Prosecutors on Tuesday said they had decided to drop charges against two former senior officials in a corruption case involving nearly US$30 million embezzled from the government.
One of two businessmen suspected of being involved in the embezzlement accused former vice premier Chiou I-jen (邱義仁) and former minister of foreign affairs James Huang (黃志芳) of “splitting” diplomatic funds with him in 2006, during former president Chen Shui-bian’s (陳水扁) administration.
However, there was insufficient evidence to prove that “Chiou and Huang took any actions to embezzle the public fund or colluded or collaborated with the businessman,” prosecutors said in a statement.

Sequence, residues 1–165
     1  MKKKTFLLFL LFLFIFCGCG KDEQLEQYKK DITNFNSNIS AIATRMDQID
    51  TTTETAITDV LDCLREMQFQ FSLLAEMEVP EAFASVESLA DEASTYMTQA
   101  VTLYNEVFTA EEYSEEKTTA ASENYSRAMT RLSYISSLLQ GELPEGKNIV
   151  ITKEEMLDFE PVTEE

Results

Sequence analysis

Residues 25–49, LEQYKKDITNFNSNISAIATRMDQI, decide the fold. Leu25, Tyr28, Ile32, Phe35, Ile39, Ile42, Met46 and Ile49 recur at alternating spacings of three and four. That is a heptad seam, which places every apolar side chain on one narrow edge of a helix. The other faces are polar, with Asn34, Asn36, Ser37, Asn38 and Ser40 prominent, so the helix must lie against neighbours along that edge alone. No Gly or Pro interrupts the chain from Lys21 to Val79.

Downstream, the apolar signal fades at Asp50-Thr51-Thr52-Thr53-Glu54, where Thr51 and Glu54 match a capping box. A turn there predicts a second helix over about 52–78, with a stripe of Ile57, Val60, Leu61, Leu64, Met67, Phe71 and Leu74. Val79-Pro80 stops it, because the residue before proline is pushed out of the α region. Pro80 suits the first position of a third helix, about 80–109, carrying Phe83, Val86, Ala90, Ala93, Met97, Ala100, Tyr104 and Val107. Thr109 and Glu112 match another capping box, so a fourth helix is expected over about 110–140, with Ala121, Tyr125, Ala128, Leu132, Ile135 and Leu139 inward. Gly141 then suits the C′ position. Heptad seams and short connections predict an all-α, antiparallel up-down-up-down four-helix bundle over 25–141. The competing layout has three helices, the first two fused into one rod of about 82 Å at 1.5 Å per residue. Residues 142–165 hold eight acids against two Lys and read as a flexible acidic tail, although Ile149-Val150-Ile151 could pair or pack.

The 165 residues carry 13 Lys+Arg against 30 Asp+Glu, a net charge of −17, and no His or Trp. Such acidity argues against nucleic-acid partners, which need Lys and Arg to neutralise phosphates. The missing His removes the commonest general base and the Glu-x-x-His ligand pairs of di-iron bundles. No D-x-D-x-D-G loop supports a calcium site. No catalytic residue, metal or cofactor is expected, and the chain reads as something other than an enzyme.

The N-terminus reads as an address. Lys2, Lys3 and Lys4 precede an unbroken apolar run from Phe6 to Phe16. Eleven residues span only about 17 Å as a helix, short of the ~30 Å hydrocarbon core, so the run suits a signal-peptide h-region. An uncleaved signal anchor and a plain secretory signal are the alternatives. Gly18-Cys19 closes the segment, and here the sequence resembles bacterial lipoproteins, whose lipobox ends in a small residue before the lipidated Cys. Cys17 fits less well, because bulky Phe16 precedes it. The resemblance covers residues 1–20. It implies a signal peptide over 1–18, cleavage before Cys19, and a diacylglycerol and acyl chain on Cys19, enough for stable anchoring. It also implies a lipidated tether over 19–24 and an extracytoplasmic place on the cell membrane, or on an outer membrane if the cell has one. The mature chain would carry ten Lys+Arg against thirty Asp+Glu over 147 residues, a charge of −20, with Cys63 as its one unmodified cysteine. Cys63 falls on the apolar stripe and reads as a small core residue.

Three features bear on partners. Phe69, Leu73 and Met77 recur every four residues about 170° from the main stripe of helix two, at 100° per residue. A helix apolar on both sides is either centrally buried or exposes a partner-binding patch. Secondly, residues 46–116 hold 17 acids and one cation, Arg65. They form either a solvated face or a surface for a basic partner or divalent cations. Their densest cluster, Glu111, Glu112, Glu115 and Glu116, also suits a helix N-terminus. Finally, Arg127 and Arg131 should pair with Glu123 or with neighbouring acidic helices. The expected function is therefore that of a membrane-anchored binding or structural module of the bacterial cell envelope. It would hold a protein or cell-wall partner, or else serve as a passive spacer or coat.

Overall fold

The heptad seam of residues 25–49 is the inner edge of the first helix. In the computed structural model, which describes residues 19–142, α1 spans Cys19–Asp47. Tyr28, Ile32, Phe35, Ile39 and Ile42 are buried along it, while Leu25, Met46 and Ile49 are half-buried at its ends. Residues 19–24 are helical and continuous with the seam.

Both Chiou and Huang resigned in May 2008 because of the scandal involving the two businessmen, Ching Chi-ju (金紀玖) and Wu Shih-tsai (吳思材), who allegedly pocketed money earmarked to help Taipei forge official ties with Papua New Guinea.
Ching and Wu were entrusted with the money by the foreign ministry because they claimed to have good connections with officials in the Pacific nation, but supposedly they made no progress in bringing about ties.
Wu, who made the accusation, is serving a jail term, convicted of embezzlement and forgery in the same case. Chiang is believed to have fled to the US.
Taiwan and China have long accused each other of using generous financial packages to entice each other’s diplomatic allies to change allegiances.
However, this situation apparently changed following the election of President Ma Ying-jeou (馬英九) in 2008, who vowed to cease the “checkbook diplomacy” of his predecessors and declared a “diplomatic truce” with Beijing whereby both sides would agree not to try to steal diplomatic allies from one another.
Additional reporting by staff writer